"Variety's the very spice of life, that gives it all its flavour."
Welcome to the latest edition of Writers' Wednesday!
Special treat today: a fellow writer, Kenn Kasica, has delivered a great piece on how to add spicy details to your work. Please make sure to leave a comment for Kenn...you'll be entered into a drawing to win a $5 Amazon Gift Certificate if you do!
SPICE CABINET 101
Think of your latest writing project as a large pot of chili cooking on a stove.
It is your latest novel, your simple poem, your unfinished song. It may be your love letter, short story or article you hope to send to Allie’s fantastic blog. It is in fact, the chili. The tomatoes are the plot. The beef is its characters. The peppers are its location. The onions are the timeline.
So what happens when your writing needs a certain twist? Welcome to spice cabinet 101.
All words boil in the mind like the chili on a hot stove. Like the chili, our writing needs spice. You make a better chili when you dare to add the chili powder, the jalapeño, and the Caribbean pepper for those like me who like it a few degrees north of insane.
Our stories have spices as well. They are certain words that heighten a description of a character, a place or just about anything. As important, the spices hook the reader. Like the spices in a cooking pot of chili, it keeps the hungry, hanging around. As you write, keep these words in mind.
A few are states, dates, colors, and vehicles:
States. We can find this spice in the smallest of terms. Louisiana Lightning, New York minute, Texas tea is but a few examples. I think state names grab reader’s attention. I have a part in a story I wrote where a man is driving a car and sipping whiskey. I do not refer it as whiskey. I wrote it as, “Brody kept his eyes on the rear view while his lips took in another hit from his bottle of Mississippi sting sauce.”
Another story I wrote was about horse racing. This gets interesting, naming horses. I am going to call my winning stallion “Rhode Island Blinking.” Blinking as in, waving bye bye.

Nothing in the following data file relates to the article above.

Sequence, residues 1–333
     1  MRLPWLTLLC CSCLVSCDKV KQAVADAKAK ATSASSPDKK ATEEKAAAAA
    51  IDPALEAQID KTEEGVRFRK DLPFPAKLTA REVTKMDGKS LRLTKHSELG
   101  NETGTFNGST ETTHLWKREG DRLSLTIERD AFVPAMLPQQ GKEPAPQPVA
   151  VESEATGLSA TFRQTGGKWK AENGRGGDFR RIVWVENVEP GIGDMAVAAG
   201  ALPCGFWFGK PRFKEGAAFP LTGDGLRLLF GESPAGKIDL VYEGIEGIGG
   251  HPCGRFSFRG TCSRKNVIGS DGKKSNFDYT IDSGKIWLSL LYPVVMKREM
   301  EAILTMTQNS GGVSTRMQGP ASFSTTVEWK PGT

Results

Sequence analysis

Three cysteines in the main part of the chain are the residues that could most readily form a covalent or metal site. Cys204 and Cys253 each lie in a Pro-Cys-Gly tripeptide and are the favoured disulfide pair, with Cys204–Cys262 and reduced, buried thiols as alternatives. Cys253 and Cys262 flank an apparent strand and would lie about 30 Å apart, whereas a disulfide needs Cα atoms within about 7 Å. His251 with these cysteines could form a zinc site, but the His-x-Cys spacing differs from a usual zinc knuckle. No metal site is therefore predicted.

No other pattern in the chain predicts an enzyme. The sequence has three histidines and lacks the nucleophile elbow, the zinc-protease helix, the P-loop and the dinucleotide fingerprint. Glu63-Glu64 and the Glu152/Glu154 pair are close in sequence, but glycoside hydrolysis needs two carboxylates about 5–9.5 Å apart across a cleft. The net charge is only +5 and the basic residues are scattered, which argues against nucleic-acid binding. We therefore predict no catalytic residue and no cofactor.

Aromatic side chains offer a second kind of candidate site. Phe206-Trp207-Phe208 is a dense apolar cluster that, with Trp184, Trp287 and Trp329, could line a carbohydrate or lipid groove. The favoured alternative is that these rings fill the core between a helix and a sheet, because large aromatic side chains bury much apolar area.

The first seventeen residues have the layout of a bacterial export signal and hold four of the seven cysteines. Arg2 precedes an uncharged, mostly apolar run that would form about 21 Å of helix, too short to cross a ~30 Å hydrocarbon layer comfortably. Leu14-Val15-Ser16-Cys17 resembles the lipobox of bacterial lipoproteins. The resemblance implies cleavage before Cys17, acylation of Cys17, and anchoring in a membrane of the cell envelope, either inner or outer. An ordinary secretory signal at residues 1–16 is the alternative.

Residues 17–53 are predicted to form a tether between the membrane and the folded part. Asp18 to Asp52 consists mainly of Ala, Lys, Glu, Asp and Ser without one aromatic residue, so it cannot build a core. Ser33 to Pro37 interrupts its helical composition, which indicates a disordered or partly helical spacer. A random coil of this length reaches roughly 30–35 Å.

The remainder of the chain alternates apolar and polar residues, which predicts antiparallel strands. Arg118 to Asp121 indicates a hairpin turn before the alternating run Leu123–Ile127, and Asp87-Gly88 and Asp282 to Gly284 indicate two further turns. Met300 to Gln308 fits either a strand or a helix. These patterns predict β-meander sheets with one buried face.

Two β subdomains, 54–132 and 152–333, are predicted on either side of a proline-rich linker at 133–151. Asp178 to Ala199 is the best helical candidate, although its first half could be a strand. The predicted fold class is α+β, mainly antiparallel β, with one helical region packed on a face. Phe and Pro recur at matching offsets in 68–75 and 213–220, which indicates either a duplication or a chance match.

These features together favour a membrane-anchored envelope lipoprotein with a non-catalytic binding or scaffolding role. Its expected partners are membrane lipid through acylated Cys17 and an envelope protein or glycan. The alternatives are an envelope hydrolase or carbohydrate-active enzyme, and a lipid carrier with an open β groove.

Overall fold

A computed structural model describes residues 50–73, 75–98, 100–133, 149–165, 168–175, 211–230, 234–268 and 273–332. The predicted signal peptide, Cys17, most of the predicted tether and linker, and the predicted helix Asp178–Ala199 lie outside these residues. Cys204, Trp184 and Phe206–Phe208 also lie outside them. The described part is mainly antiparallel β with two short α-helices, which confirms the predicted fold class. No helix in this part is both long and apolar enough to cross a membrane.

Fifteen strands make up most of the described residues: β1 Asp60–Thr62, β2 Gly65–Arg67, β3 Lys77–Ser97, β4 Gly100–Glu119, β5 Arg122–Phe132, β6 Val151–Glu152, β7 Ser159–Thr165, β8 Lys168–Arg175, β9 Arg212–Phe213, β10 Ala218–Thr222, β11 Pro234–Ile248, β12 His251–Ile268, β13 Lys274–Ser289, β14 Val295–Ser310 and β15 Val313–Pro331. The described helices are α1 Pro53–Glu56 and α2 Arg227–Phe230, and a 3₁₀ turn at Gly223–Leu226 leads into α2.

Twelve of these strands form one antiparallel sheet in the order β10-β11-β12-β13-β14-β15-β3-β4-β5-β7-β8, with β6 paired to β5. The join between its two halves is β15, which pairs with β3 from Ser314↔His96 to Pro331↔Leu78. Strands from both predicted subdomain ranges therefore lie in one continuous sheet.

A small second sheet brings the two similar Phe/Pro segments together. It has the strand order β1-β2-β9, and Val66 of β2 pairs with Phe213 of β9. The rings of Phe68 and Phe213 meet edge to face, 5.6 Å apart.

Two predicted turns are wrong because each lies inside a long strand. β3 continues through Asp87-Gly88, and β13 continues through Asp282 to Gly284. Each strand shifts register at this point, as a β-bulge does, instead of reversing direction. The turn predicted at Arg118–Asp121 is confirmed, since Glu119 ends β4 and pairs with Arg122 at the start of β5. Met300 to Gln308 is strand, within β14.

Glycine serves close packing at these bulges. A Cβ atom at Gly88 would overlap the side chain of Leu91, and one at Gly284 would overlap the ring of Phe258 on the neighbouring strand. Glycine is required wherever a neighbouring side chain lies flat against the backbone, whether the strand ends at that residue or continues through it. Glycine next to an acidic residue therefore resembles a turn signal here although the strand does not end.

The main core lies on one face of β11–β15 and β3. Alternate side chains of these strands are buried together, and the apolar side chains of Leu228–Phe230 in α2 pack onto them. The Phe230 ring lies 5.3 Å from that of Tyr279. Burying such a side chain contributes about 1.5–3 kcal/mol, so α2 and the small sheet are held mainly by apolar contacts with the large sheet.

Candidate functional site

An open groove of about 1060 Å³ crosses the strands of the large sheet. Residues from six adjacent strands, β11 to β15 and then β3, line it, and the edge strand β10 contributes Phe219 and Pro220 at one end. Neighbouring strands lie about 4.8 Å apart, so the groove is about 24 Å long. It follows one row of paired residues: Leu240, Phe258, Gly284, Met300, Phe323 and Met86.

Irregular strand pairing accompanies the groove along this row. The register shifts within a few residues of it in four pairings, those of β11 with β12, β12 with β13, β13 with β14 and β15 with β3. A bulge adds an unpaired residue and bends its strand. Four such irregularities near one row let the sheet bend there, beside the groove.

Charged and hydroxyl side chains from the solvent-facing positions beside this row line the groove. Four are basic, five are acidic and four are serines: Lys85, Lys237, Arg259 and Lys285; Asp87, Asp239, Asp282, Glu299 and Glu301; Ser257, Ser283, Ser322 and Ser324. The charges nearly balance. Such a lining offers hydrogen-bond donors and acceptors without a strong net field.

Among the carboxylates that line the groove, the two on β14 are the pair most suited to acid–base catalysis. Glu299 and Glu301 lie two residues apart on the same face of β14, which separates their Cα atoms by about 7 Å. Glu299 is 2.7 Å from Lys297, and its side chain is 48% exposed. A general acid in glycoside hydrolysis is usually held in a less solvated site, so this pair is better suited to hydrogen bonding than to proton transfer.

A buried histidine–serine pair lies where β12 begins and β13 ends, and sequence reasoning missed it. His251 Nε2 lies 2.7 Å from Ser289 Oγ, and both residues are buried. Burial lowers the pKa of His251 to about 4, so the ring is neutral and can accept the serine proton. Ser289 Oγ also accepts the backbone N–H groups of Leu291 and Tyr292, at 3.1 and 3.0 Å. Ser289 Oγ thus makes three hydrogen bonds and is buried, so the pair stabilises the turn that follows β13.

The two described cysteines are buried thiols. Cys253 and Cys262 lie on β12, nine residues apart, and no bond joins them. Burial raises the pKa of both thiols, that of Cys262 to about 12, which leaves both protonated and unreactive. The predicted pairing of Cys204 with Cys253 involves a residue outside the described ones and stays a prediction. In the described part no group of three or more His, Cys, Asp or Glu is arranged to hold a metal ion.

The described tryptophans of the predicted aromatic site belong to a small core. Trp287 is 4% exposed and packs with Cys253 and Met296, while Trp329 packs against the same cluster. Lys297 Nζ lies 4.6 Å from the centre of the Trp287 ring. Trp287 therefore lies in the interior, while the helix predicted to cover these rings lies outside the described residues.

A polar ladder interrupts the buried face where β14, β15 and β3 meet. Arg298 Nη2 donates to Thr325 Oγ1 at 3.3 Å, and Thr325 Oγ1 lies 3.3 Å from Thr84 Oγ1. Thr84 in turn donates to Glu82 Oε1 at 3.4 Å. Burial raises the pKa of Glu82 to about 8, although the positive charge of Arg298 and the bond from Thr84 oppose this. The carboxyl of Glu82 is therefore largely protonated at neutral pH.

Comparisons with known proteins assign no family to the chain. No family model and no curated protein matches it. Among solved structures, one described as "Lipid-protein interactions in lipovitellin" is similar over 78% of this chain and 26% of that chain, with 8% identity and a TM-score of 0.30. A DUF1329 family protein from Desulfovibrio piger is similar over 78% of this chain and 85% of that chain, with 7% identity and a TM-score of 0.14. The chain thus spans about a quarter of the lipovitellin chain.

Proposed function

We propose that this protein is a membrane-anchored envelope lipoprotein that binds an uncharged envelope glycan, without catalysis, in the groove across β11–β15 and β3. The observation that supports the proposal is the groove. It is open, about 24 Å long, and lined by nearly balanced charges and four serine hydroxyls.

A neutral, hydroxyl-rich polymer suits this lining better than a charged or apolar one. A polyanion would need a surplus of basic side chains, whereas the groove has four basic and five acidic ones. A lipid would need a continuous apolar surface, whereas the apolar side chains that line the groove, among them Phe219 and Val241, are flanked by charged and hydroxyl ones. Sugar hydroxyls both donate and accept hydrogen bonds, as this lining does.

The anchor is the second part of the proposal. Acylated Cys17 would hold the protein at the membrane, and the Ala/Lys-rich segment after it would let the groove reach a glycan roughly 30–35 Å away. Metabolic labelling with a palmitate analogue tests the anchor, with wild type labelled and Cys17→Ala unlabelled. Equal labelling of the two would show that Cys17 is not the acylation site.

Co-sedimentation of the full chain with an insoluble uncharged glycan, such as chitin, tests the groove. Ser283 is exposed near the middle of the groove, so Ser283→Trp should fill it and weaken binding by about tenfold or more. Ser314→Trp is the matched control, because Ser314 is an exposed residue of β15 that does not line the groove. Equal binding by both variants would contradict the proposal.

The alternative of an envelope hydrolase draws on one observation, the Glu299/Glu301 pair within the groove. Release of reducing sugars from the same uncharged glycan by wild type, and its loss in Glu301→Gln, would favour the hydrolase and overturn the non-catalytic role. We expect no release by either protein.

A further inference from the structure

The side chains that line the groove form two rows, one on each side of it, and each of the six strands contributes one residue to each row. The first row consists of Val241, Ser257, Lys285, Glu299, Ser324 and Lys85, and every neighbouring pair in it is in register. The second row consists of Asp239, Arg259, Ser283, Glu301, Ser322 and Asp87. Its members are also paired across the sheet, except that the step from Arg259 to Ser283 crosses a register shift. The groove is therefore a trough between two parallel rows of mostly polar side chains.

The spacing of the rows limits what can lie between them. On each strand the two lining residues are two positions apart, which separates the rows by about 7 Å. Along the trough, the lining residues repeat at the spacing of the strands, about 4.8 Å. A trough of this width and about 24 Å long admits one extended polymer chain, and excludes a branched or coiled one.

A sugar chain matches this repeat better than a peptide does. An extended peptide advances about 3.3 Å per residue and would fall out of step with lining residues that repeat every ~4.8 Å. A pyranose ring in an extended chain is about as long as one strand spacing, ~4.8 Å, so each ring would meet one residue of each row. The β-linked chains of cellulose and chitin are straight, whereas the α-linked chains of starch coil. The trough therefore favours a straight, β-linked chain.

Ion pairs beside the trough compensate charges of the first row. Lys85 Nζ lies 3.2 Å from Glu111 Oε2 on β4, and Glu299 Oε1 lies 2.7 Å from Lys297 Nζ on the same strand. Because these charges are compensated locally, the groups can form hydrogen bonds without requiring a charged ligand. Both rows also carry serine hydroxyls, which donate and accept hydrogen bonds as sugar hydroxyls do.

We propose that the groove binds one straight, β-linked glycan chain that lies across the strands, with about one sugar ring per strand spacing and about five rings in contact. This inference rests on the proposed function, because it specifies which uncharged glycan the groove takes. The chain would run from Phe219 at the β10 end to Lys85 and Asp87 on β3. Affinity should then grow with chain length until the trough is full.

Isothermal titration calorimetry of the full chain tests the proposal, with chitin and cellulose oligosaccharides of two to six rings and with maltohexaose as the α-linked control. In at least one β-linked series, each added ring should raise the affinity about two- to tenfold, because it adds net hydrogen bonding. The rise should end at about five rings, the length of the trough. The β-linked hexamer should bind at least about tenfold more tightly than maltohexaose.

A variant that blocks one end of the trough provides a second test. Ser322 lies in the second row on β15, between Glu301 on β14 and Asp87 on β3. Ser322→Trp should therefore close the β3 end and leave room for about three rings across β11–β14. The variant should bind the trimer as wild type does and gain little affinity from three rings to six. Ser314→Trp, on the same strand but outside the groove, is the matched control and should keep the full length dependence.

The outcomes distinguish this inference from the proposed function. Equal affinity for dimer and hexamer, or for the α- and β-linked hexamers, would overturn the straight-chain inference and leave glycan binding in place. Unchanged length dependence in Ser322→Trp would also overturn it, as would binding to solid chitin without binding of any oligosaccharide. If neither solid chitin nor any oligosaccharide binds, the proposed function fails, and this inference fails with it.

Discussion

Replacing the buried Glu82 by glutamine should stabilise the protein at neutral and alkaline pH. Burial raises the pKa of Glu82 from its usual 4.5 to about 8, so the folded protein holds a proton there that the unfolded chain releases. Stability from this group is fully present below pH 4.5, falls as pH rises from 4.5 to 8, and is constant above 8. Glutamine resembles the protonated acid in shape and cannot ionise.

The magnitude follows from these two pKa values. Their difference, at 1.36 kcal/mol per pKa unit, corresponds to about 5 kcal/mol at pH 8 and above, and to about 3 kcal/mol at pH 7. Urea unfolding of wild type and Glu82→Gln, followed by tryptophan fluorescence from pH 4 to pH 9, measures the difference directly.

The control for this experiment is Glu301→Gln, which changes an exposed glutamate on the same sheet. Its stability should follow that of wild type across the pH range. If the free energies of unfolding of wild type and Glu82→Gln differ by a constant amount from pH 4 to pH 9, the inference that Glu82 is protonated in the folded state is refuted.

Dates. Don’t be afraid to go back in time. Don’t fear the future. You have a car in your story, give it mileage. Give it a year. If there is a significant event in your story, give it a date. Say it is a blizzard. Give the blizzard potency, give it the year it wrecked havoc. Write the blizzard as the great blizzard of 48, or 78, or last years date. The reader most likely will note the storm from the start as a mother of a catastrophe.
Colors. The list is endless. Red October, Blue Hawaii, Yellow Beard, Black rain, White line fever. I like to use a color and attach it to another word. I have a story where one of the characters has a car. Could it be a monza? Hell no. He drove around town in a sweet 73 purple Barracuda. The attachment is its nick name. “The purple popsicle”. It is okay to nick name cars. We in fact, control the pen. Colors are not flavors, they are spices.
A few quick examples. A mystery. The sight of bright blue gun smoke rising through the brighter orange sun light. Horror. Blood, black cherry red was dried and baked on the hood of a 71 cotton white Fleetwood rag top from unforgiving Arizona sun. See what I am getting at? Spices.
This leads me to transportation devices. Again, cars. If you have a car in your writing, give it a life of its own. No, not Christine. How good would Bullet be if McQueen raced around in a Studebaker? Then again, if your character is a nerd, throw him in a muffler-less Astro Van. How about trains? The old blues giants had it all down. They wrote daring to mix all the spices.
“We just blue hobos, me and Kansas Jack.” “We been hitchin the Santa Fe since sixty two out to get our red hens back.
My point to all this is, add spices. I write with an edge hot as our chili. I think you write better with a cold cup of jo than nursing a warm chocolate mocha latte with a straw. It is just my understanding.
Chuck Berry, I think, did it best: “A souped up cherry red 53.” You know it is a car but you really don’t care what type of car it is. It is bad ass. You know it.
Characters and places make or break the best writing. Adding spice in the form of states, dates, colors, and vehicles can add the flare. Write with fluff, write for Dixie Cup. Write with spice, and the world will be waiting for you.
Chili is done. Time to eat!